BTM: In terms of documentary manipulation, how far do you believe in making events happen or being a part of the process to draw something through techniques like interviewing? Do you think it is necessary or are you just more of an “I’ll-wait-and-see-what-happens” person?
DYD: We’ve seen successful examples from both sides, so it’s possible to do whatever you want. I think it’s necessary that you are part of the process as a filmmaker. Let’s say I’m a part of this process, I make it clear to my audience that I’m part of the process; that this is me showing my experience instead of what would happen to just about anyone or say what would just happen on a regular day. There’s a movie called The Act of Killing. The entire movie is a reenactment. I love that movie, but I would not watch it a second time because it is extremely sad and disturbing. It is still a documentary and it’s really good. Its like human intervention: the filmmakers created the events that happened in the film through reenactments. So, it really could go in a lot of directions. I don’t think there’s one form or one doctrine that’s absolutely right [or] that’s the only way to go about seeing reality.
BTM: Do you think it’s important for movies to petition for social change? What tends to be your motive when making a movie?
DYD: I respect movies that just make money, like commercial blockbusters with the capitalist society that we live in. I enjoy the benefits of a capitalist society. So, I won’t complain about having just sheer entertainment that I don’t have to bring my brain in and fuel the pain of just the reality of everyday life. But, I think that for movies that I make, I prefer very strongly if they have roles for women that are not like 2D cardboard. That [women] are not sexy lamps, that they’re actual people that have real motives and real desires. That would be a cool thing. I believe that these movies can make money and can generate attention. Then they can be fun movies that sort of have a brain and don’t try to insult ethnic groups, minority groups, in various ways. I believe they can make money. Personally, I would love to make movies that are both entertaining and friendly to groups that are constantly being oppressed.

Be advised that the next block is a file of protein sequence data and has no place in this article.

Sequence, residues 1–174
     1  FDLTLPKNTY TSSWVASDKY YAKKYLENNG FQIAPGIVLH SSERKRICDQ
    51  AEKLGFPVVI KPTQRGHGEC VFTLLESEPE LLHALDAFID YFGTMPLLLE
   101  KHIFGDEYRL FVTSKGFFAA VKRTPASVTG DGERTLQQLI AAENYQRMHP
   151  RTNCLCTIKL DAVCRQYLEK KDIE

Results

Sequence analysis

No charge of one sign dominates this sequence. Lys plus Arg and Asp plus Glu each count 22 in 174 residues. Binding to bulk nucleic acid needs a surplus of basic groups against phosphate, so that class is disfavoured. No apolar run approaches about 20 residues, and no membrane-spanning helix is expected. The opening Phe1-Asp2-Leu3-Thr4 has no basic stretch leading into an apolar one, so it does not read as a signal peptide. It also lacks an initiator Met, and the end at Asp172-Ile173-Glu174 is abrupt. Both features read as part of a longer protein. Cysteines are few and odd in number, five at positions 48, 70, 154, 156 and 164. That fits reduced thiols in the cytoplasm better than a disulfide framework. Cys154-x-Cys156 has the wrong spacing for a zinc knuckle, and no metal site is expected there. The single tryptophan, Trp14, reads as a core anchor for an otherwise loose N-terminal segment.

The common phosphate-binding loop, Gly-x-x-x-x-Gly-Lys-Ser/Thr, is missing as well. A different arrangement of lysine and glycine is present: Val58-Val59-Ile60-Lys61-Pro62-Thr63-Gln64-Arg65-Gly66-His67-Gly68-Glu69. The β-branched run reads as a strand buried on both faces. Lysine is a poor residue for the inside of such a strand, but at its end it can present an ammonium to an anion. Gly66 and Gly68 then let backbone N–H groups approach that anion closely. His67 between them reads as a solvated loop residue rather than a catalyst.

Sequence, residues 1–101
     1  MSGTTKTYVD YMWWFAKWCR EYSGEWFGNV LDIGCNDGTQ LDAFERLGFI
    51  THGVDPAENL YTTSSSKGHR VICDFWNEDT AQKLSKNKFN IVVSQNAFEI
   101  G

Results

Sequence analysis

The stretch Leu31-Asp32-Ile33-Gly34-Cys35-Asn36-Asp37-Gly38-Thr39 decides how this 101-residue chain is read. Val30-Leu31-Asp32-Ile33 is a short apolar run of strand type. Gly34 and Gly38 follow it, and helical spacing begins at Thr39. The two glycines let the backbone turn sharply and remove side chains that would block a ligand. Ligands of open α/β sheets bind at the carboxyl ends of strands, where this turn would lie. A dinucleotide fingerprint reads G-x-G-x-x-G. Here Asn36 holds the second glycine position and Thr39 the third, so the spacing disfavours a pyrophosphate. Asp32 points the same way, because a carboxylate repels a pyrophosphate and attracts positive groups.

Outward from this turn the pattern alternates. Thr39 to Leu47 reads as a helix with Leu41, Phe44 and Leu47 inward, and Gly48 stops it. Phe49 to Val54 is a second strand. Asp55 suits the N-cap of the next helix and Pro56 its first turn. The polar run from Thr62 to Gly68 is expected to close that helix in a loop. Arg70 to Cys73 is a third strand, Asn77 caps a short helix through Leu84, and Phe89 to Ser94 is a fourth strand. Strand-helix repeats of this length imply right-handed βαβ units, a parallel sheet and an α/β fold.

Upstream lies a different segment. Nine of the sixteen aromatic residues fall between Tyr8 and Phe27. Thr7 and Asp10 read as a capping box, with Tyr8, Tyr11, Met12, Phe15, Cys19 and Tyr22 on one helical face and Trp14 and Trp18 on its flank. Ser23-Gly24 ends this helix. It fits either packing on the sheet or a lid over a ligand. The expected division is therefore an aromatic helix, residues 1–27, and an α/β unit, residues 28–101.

BTM: In 2012, 20% of film producers were female and only 2% of cinematographers were female. There’s still a huge male-female gap in the cinema world, but women were more often able to be a part of the business rather than the art—though cinematography is more of a technical art. Do you feel optimistic about this changing?
DYD: I absolutely feel optimistic about that. A large part of that is because, when I came into film school, our class was literally half and half—half girls and half boys. At least there’s a part of me that’s really happy to see that we’re trying to make that balance and bring in different voices in the industry. I think you might be interested in this—I don’t know how valid this story is, I only heard it a couple days ago. What I heard is that part of the reason the gender proportion in the industry, part of the reason that’s happening, is [because of] some older directors who are already established and making money. [They] have their own circle; most of them are male. The vast majority are men. When they are seeing younger boys—there’s a metaphor “boy in a baseball cap” or something like that—they see themselves in the boy and they take the kid under their wings. They train them to be good directors, good filmmakers in the future. They see less of that in young girls coming into the industry. So, young girls get less of that connection, less of that opportunity. This kind of discrimination—aside from the actual visible discrimination—this is a subtler kind. It’s not even conscious choices. It’s not even older men consciously making a decision like, “I just don’t like girls coming in.” It’s just systematic and there’s very little to do about that part of the problem. However, with more women coming, people are seeing this issue a little bit more and the rules of the game slowly changing bit by bit. Of course there’s hope.
BTM: Our film school is obviously really good as far as equal representation of males and females, but do you think they do a good job at choosing people that represent different ethnicities, races, religions, and other demographics?
DYD: FSU’s film school definitely tries to bring in diversity. Not just for diversity’s sake, but for the perspectives that it offers. We’ve seen the films that bring in minority characters—black best friend, Hispanic sidekick, the girl that could literally be replaced by a sexy lamp, just a set of boobs and blonde hair and that’s it. One thing the film school’s doing really well is that we don’t have censorship in content. Whatever we’re trying to do, they will try to help with organizing script, structure, [and] story. But in terms of what content you have in your story, that will never be censored. So that’s really good. Students do a lot of the time try to tell provocative stories.